Education, From The Capitol To The Classroom

Department of Education Outlines 2018 Priorities

    Superintendent of Public Instruction, Jennifer McCormick, speaks with members of the press after unveiling her priorities for 2018. (Jeanie Lindsay/IPB News)

    Superintendent of Public Instruction, Jennifer McCormick, speaks with members of the press after unveiling her priorities for 2018. (Jeanie Lindsay/IPB News)

    State superintendent Jennifer McCormick released her priorities for 2018, and those strategies target three areas: student learning, operational effectiveness and school improvement. In this last category, she says she wants to make it easier for teachers licensed in one content area to teach an additional subject if they have the experience.

    “Because we’ve had a lot of superintendents call saying ‘I have a great teacher who I know could teach algebra but because of their license they are restricted,” she says. “They’re tutoring our algebra kids. They’re doing a good job. They fill in when our algebra teacher is out.”

    McCormick says districts should have more power to determine whether instructors are qualified to teach in an additional content area instead of relying on requirements that she says can push instructors away. She says reducing the number of hurdles teachers face to become and stay licensed could help retain more educators and help address the teacher shortage.

    The department’s priorities for next year also include lowering the compulsory school age to 5 – a conversation McCormick says will help at-risk students. Currently, the state requires children age 7 and up to be enrolled in some kind of structured education. That means some students can enter elementary school with no previous formal instruction and can fall behind in skills other students may have already mastered.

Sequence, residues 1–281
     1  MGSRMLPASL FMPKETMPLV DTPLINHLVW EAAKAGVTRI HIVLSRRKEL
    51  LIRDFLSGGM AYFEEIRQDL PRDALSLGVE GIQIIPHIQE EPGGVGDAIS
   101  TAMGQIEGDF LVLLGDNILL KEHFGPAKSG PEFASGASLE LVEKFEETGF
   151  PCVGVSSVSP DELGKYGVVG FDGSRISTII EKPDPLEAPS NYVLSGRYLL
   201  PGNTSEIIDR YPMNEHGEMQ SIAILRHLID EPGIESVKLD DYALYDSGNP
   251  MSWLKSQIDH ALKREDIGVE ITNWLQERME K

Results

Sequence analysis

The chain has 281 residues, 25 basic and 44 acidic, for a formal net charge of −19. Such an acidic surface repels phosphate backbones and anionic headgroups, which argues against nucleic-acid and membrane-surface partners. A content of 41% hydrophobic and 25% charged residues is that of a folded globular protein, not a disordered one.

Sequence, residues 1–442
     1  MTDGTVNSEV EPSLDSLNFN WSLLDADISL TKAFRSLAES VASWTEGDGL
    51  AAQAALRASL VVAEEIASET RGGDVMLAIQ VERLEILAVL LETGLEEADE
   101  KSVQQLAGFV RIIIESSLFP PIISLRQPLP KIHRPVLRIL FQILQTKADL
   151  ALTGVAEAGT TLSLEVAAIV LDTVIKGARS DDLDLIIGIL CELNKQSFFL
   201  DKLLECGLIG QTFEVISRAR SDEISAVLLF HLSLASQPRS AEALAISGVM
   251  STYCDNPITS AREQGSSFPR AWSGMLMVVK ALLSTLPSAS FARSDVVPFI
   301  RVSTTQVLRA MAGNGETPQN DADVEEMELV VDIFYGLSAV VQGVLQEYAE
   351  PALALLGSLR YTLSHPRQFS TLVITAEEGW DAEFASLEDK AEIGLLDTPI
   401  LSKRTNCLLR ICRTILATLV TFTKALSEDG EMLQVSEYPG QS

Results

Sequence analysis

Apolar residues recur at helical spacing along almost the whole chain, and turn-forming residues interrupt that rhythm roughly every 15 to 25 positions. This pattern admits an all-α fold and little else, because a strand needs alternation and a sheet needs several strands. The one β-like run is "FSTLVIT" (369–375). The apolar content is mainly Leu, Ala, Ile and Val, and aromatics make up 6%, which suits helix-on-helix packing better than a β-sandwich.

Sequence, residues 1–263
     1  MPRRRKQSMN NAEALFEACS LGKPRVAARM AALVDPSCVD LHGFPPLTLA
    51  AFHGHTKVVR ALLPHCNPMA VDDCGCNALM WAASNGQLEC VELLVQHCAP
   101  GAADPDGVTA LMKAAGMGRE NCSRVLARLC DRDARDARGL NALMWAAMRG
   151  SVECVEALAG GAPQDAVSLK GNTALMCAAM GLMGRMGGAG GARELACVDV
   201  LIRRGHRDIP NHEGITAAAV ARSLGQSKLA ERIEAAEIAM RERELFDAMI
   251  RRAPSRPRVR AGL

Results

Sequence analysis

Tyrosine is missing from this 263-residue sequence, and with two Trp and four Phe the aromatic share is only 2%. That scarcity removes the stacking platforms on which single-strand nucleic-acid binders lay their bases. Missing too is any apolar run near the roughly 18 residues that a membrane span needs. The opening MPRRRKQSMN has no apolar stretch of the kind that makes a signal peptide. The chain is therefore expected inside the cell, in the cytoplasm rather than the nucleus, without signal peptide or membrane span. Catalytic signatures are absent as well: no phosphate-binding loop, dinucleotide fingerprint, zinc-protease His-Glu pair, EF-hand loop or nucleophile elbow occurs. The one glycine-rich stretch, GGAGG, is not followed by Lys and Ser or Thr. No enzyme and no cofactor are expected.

School corporations dealing with fiscal challenges were another point in the department’s plans, and McCormick says she supports more flexibility for schools as they deal with funding problems. She added that models for allowing academically challenged schools to become innovation schools should be used to create a similar pathway for those in financial distress.

    But aside from a major push for increased STEM opportunities, McCormick called it a “relief” that lawmakers have not proposed a significant number of major shifts in education for the upcoming session. Graduation pathways and diploma requirements, she says, have a heavy impact on students and classrooms, and that it’s important to focus on getting those right.

    When it comes to revisions of graduation requirements, McCormick says she would like to see the Core40 diploma as the baseline for Hoosier students, making the general diploma as an “opt-out” or alternative option.

    McCormick also hopes to address issues around accountability and data collection for schools as well. Some schools have raised concerns around the state’s grading system in previous years, and she emphasized the need to make the system “equitable, manageable, and understandable.”

    All of the priorities listed, McCormick says, are a combination of items for the Department of Education, lawmakers, and the State Board of Education to address, and that some of those overlap. She says a strategic plan from the department will be released in early spring.


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